Here's one such example. I won't "name" the company. I've done some blurring to prevent it from being too obvious. But it's hardly "disguised".

Without any context, what do you think of this picture? You'd think you're looking at one of those casino ads or something.

But no, this is an ad featuring an income opportunity / blog hosting / network marketing education amalgam. The question "are you all in" is a dare, that you have to "risk it all to gain it all", with the clear implication that if you don't risk it all, you are a wuss and therefore you should get out.

That may work as a motivational speech, as a "call to action", but do you really want to DO BUSINESS with people like that?

Wednesday, April 10, 2013

Ponzi "winners", don't hide your assets or you'll be sorry

Ponzi in 1920
Ponzi in 1920 (Photo credit: Wikipedia)
Ponzi schemes are easy to pull off with a bit of credibility. When Ponzi "winners" attempt to hide their assets from the law and creditors, they make things much worse. As the two men in Arizona found out when they agreed to help a Ponzi scammer hide assets.

Ponzitracker reported that the Hall Brothers of Arizona were arrested and indicted in Arizona. Authorities stated that they were in contact with a "winner" in a 90 million Ponzi scheme. Lindsey Howell, of South Carolina, did not start the Ponzi (That would be "Ron Wilson" former councilman in South Carolina)  However, Howell benefited hugely from it, to the tune of millions, as he did not disclose he was paid millions for promoting the scheme to others. Ron Wilson is spending 19 years behind bars for spending 60 million (much paid out to people like Howell) of the 90 million he soaked up.

Tuesday, April 9, 2013

BREAKING NEWS: Herbalife share trading halted [now resumed], auditing firm KPMG quit

Wall Street Journal reported that all trading of Herbalife shares has been halted, and its audit firm, KPMG, just resigned.

It was only April 3rd that Herbalife filed a report to the SEC indicating that KMPG was hired for entire year of 2013.

WSJ also reported that a major KPMG exec was fired from the LA office last night due to possible insider trading tip-off. It is not known if this was related to Herbalife or not.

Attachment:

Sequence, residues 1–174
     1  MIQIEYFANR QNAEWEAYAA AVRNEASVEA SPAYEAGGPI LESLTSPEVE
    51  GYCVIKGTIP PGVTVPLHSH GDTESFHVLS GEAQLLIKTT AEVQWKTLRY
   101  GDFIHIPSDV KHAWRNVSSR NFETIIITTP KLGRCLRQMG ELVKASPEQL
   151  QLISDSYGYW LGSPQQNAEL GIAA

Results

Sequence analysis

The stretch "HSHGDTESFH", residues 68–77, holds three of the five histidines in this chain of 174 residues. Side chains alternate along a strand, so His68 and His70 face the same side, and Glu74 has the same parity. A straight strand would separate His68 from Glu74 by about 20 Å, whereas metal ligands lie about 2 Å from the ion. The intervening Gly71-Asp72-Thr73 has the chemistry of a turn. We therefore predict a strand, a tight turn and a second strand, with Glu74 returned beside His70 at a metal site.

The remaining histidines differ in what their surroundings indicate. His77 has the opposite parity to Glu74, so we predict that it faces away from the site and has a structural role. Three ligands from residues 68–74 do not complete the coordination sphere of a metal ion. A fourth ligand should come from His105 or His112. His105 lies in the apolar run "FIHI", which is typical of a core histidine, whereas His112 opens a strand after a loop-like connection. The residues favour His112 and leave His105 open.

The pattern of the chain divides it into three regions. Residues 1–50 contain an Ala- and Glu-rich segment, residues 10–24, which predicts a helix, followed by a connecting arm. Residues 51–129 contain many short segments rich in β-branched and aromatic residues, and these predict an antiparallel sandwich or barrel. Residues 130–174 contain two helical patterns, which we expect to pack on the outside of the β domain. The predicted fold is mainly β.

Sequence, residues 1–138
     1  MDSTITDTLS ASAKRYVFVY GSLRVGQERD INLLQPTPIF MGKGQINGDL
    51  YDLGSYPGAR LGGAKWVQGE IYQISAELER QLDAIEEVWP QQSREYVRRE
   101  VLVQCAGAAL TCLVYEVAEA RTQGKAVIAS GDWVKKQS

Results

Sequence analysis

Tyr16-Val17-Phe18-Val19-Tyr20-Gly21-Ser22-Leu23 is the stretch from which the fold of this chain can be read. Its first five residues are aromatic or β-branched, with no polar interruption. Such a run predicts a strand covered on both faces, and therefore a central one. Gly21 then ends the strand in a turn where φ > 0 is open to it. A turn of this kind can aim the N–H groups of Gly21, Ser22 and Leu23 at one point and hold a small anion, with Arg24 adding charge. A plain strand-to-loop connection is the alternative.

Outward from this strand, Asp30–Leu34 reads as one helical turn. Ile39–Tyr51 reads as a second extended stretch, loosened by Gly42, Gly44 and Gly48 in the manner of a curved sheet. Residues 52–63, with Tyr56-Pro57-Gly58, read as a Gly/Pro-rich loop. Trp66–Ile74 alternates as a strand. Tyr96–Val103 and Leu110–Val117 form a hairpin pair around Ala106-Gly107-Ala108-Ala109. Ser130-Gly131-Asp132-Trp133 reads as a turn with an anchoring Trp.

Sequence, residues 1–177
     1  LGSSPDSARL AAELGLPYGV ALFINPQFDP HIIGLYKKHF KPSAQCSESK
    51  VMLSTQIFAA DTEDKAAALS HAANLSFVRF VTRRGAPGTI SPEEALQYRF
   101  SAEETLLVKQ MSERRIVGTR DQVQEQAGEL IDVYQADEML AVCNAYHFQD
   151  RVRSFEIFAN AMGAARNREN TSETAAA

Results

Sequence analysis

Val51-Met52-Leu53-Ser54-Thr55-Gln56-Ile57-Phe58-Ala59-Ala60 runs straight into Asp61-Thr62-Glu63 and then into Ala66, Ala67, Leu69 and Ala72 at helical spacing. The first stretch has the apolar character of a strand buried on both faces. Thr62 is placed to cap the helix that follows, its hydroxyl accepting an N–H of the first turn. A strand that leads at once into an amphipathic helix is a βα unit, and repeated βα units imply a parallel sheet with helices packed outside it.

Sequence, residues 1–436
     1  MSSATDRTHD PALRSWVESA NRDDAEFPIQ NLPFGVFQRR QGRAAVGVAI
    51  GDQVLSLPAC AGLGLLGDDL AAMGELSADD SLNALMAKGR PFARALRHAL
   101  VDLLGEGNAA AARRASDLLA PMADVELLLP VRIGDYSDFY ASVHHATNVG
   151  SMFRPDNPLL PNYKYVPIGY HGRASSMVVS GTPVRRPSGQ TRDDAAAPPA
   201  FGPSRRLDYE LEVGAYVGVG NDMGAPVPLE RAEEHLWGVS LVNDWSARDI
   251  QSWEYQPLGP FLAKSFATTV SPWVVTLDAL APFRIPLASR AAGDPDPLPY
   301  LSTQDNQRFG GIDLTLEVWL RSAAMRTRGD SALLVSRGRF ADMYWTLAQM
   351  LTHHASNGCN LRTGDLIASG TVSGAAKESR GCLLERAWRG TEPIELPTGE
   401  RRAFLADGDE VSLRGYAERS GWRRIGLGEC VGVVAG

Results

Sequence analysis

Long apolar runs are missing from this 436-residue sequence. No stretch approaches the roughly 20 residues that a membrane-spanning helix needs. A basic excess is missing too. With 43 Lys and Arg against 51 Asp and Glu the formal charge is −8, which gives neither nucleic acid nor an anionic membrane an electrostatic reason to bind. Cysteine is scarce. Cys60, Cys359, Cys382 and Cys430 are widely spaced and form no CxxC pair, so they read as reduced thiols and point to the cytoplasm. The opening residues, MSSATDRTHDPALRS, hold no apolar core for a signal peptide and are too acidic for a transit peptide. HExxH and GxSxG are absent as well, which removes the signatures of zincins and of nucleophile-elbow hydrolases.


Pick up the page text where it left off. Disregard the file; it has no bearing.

http://blogs.wsj.com/marketbeat/2013/04/09/herbalife-shares-halted-news-pending/

UPDATE: Trading has resumed.  It is confirmed that KPMG senior partner has leaked info of "several" companies to third-party, leading to profiting from that insider info. That partner has been fired, AND KPMG resignation has been confirmed by Herbalife, who will figure out who to hire before end of the month.

http://www.usatoday.com/story/money/business/2013/04/09/herbalife-halt-stock/2066755/
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BREAKING NEWS: More video of Tarun Trikha's arrest in India

A tipster forwarded this bit of footage, believed to be taken by more of the Tarun Justice league. (yes, that's a bit of word pun)



Bad Argument: Demand for parity

Ban_pyra.gif (No to network marketing).
(Photo credit: Wikipedia)
One problem with the MLM industry, and its various shady cousins (the HYIP, the Ponzi, and such) is their reputation. The oldest firms like Amway and Herbalife had been followed by various scandals and lawsuits, while the newer ones have no reputation or started by shady characters or do shady business (sell nothing substantial). One way these firms "manage" their reputation is to encourage its members to "demand parity" in news coverage. For example, if there's an article that reflects negatively on the industry, the pro-industry people would then demand some sort of positive coverage as a "balance" to the negative story. And if they don't get it (or just get a brief mention), they will portray that as some sort of a "bias" against the industry. They may encourage its members to seek parity, or they shill the demand for parity.